The code C61 is included in the table of neoplasms by anatomical site. For each site there are six possible code numbers according to whether the neoplasm in question is malignant, benign, in situ, of uncertain behavior, or of unspecified nature. The description of the neoplasm will often indicate which of the six columns is appropriate.

Where such descriptors are not present, the remainder of the Index should be consulted where guidance is given to the appropriate column for each morphological (histological) variety listed. However, the guidance in the Index can be overridden if one of the descriptors mentioned above is present.

The Tabular must be reviewed for the complete diagnosis code.

Neoplasm, neoplastic Malignant
Primary
Malignant
Secondary
CaInSitu Benign Uncertain
Behavior
Unspecified
Behavior
»prostate (gland)
C61C79.82D07.5D29.1D40.0D49.59

Information for Patients


Prostate Cancer

The prostate is the gland below a man's bladder that produces fluid for semen. Prostate cancer is common among older men. It is rare in men younger than 40. Risk factors for developing prostate cancer include being over 65 years of age, family history, and being African-American.

Symptoms of prostate cancer may include

  • Problems passing urine, such as pain, difficulty starting or stopping the stream, or dribbling
  • Low back pain
  • Pain with ejaculation

To diagnose prostate cancer, you doctor may do a digital rectal exam to feel the prostate for lumps or anything unusual. You may also get a blood test for prostate-specific antigen (PSA). These tests are also used in prostate cancer screening, which looks for cancer before you have symptoms. If your results are abnormal, you may need more tests, such as an ultrasound, MRI, or biopsy.

Treatment often depends on the stage of the cancer. How fast the cancer grows and how different it is from surrounding tissue helps determine the stage. Men with prostate cancer have many treatment options. The treatment that's best for one man may not be best for another. The options include watchful waiting, surgery, radiation therapy, hormone therapy, and chemotherapy. You may have a combination of treatments.

NIH: National Cancer Institute

  • Cryotherapy for prostate cancer (Medical Encyclopedia)
  • Digital rectal exam (Medical Encyclopedia)
  • Gleason grading system (Medical Encyclopedia)
  • Hormone therapy for prostate cancer (Medical Encyclopedia)
  • Pelvic (between the hips) radiation - discharge (Medical Encyclopedia)
  • Prostate brachytherapy (Medical Encyclopedia)
  • Prostate cancer (Medical Encyclopedia)
  • Prostate cancer - treatment (Medical Encyclopedia)
  • Prostate cancer staging (Medical Encyclopedia)
  • Understanding Chemotherapy - NIH - Easy-to-Read (National Cancer Institute)
  • Understanding your prostate cancer risk (Medical Encyclopedia)
  • What to Know about Brachytherapy (A Type of Internal Radiation Therapy) - NIH - Easy-to-Read (National Cancer Institute)
  • What to Know about External Beam Radiation Therapy - NIH - Easy-to-Read (National Cancer Institute)


[Read More]

Prostate cancer Prostate cancer is a common disease that affects men, usually in middle age or later. In this disorder, certain cells in the prostate become abnormal and multiply without control or order to form a tumor. The prostate is a gland that surrounds the male urethra and helps produce semen, the fluid that carries sperm.Early prostate cancer usually does not cause pain, and most affected men exhibit no noticeable symptoms. Men are often diagnosed as the result of health screenings, such as a blood test for a substance called prostate specific antigen (PSA) or a medical procedure called a digital rectal exam. As the tumor grows larger, signs and symptoms can include difficulty starting or stopping the flow of urine, a feeling of not being able to empty the bladder completely, blood in the urine or semen, or pain with ejaculation. However, these changes can also occur with many other genitourinary conditions. Having one or more of these symptoms does not necessarily mean that a man has prostate cancer.The severity and outcome of prostate cancer varies widely. Early-stage prostate cancer can usually be treated successfully, and some older men have prostate tumors that grow so slowly that they may never cause health problems during their lifetime, even without treatment. In other men, however, the cancer is much more aggressive; in these cases, prostate cancer can be life-threatening.Some cancerous tumors can invade surrounding tissue and spread to other parts of the body. Tumors that begin at one site and then spread to other areas of the body are called metastatic cancers. The signs and symptoms of metastatic cancer depend on where the disease has spread. If prostate cancer spreads, cancerous cells most often appear in the lymph nodes, bones, lungs, liver, or brain. Bone metastases of prostate cancer most often cause pain in the lower back, pelvis, or hips.A small percentage of all prostate cancers cluster in families. These hereditary cancers are associated with inherited gene mutations. Hereditary prostate cancers tend to develop earlier in life than non-inherited (sporadic) cases.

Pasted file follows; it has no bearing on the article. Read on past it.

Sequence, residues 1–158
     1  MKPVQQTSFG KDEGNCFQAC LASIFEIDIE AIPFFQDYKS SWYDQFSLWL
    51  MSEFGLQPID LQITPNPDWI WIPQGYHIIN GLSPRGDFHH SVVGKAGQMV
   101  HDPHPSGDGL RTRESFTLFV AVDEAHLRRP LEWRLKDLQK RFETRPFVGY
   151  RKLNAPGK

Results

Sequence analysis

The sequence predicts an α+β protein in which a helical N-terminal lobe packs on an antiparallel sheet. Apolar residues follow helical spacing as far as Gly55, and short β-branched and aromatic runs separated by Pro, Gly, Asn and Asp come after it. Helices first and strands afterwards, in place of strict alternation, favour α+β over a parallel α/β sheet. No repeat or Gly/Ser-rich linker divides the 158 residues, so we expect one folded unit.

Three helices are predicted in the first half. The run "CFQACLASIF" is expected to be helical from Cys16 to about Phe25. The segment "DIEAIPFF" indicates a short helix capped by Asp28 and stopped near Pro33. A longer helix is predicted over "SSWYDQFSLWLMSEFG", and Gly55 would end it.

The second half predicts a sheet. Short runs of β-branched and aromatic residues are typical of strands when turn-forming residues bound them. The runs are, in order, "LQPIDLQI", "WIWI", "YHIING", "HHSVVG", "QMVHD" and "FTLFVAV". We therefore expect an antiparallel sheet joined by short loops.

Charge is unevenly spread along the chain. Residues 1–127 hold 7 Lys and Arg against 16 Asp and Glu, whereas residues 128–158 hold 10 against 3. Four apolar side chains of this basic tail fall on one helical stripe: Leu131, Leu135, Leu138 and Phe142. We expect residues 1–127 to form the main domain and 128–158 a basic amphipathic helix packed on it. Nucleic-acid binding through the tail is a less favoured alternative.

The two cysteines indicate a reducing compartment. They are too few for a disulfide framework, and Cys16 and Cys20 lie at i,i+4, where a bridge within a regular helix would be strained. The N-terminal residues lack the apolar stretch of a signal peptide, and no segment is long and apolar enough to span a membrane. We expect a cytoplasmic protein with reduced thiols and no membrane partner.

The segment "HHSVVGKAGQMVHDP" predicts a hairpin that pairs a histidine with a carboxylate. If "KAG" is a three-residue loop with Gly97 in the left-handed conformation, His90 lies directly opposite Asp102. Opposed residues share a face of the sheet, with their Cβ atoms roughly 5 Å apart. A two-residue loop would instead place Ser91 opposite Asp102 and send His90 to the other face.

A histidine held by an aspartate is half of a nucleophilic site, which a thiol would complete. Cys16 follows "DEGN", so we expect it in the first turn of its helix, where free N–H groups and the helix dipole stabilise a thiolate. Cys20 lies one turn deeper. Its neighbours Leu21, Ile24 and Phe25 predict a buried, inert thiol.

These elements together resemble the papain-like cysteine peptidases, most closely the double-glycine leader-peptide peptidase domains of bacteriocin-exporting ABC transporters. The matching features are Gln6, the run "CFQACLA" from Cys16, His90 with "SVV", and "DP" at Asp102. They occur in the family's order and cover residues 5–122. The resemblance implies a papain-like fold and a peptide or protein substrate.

[Read More]